Wednesday, December 14, 2016

Christmas Quiet

Did you know it now costs a dollar to send a letter in New Zealand and I’m not sure how much for overseas. I usually send about a dozen Christmas Cards around New Zealand – that’s $12 not to mention the ten or so I post overseas … that’s a lot of money when you are on a sickness benefit.

There are lots of things to do…
Lots of cards to send.
Lots of presents to buy.
Lots of baking to do.
Lots of decorations to put up.
Lots of activities to attend.
Lots of presents to wrap.
Lots of food to eat.
Lots of extra work to attend to.
Lots of…. Lots of…. Lots of….

Do you feel like this and almost overwhelmed?
I’m not saying there is anything wrong with this. I love Christmas and do what I can to make it a wonderful time of year. In fact this year is going to be so special, as I have two of my daughters and their families coming to stay so we are going to have grandchildren around and the house will be fill of excited children, chatter, maybe even tired tears but oh so many good memories to make. I know when it is all over I will be happily exhausted!

Tricia Goyer
Last week we had our Church’s Women’s homegroup Christmas lunch (that’s a mouthful!) and I offered to do the devotion. I have a devotional book titled The One Year® Book of Amish Peace by Tricia Goyer and I recalled reading an entry for the middle of December. I am drawn to the simple ways of the Amish free from the demands of materialism and although the book is American/Northern Hemisphere based, the content it still uplifting.

Here is a little of what it said:

"These days there is more than enough Christmas cheer to go around. There are holiday parties, cookie exchanges, and children’s programs. There are gifts to buy, and maybe cards to mail and homes to decorate as bright and beautiful as the magazine covers on the rack at the grocery store. Yet there is little peace. And on some busy, frantic holidays I’m certain that I’ve forgotten that the whole thing is supposed to be about the Prince of Peace

Isaiah 9:6
For to us a child is born, 
    to us a son is given,
    and the government will be on his shoulders.
And he will be called
    Wonderful Counselor, Mighty God,
    Everlasting Father, Prince of Peace.

In the Amish home, preparations for Christmas start a few days (not a few months) before the holiday. If gifts are given, they are simple gifts for the children, there is often an Amish school Christmas program that focuses on Christ. In fact, in a book for Amish schoolteachers a new verse to the familiar carol “O Little Town of Bethlehem” was added:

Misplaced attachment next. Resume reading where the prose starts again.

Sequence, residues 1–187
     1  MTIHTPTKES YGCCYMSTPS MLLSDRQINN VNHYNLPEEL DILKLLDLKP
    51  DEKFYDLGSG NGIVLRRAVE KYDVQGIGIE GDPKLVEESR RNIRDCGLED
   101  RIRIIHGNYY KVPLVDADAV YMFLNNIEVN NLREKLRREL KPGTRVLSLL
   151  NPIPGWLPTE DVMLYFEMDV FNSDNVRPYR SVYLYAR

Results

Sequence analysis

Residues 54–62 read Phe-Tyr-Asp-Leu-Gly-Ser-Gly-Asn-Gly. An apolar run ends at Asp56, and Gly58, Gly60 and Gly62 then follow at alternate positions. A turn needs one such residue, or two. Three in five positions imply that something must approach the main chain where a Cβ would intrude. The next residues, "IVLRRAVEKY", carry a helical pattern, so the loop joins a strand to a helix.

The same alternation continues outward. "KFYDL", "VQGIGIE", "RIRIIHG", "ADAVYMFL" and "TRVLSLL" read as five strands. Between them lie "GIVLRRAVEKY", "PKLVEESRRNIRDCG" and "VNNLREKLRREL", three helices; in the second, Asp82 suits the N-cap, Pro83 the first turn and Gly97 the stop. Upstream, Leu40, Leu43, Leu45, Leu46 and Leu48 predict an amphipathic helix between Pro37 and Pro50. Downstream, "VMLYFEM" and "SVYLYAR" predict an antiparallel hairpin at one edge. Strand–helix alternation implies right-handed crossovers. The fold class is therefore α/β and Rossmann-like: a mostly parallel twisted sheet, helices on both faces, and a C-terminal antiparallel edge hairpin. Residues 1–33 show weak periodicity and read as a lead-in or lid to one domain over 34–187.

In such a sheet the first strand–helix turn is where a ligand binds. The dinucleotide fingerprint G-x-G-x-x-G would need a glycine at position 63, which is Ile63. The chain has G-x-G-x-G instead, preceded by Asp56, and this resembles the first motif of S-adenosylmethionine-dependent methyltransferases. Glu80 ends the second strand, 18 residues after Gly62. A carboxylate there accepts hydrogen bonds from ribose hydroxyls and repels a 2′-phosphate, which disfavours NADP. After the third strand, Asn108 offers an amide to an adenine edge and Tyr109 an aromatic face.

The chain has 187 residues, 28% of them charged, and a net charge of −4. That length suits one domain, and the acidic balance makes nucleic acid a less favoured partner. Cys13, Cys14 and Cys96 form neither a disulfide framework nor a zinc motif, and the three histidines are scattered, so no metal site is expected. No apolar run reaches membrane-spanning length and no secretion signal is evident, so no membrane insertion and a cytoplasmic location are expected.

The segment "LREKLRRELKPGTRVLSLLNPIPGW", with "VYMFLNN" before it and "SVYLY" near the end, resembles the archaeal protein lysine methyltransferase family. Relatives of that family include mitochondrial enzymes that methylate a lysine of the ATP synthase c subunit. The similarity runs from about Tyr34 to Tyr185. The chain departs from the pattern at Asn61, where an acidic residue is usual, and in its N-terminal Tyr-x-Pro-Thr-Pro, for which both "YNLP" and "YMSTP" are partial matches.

O little In of Bethlehem
How like we are to you;
Our lives are crowded to the brim
With this and that to do
We’re not unfriendly to the King,
We mean well without doubt;
We have no hostile feelings,
We merely crowd Him out.

It seems even the youngest Amish children know what Prince needs to reign in their Christmas! Can you make an effort to remember the same?"

When I was putting up my Christmas Trees I was listening to one of my Cliff Richard's Christmas CD’s and a song came on “Christmas is Quiet”

As I listened I was drawn to the thought of escaping away somewhere to stop and reflect. Over the last few years I have made a point of having a break away either at a retreat or somewhere where I can have a couple of days resting without having to do all the work, in November. It’s something I learnt to do after my breakdown – part of looking after myself. The days in December have fast filled up with all those things to do and I have circled a day on the calendar and called it “Day Off”. I am not going to do any ‘work’ work or Christmas prep. There are no activities to attend. I am going to use the day to sit and read, pamper myself and maybe do some gardening or generally just sit.

I encouraged the group to do the same and ended with the prayer from the book:

"Dear heavenly Father, forgive me for my busy plans that tend to push You out. Help me to focus my thoughts on You today. It is there that I will find peace."

I encourage you to take time out and reflect on the true meaning of Christmas ... that God loves us so much that He sent His Son to die for us so our sin will not separate us from Him. We celebrate His birth each Christmas.

I wish you a Christmas full of Peace.

Scripture from the New International Version 

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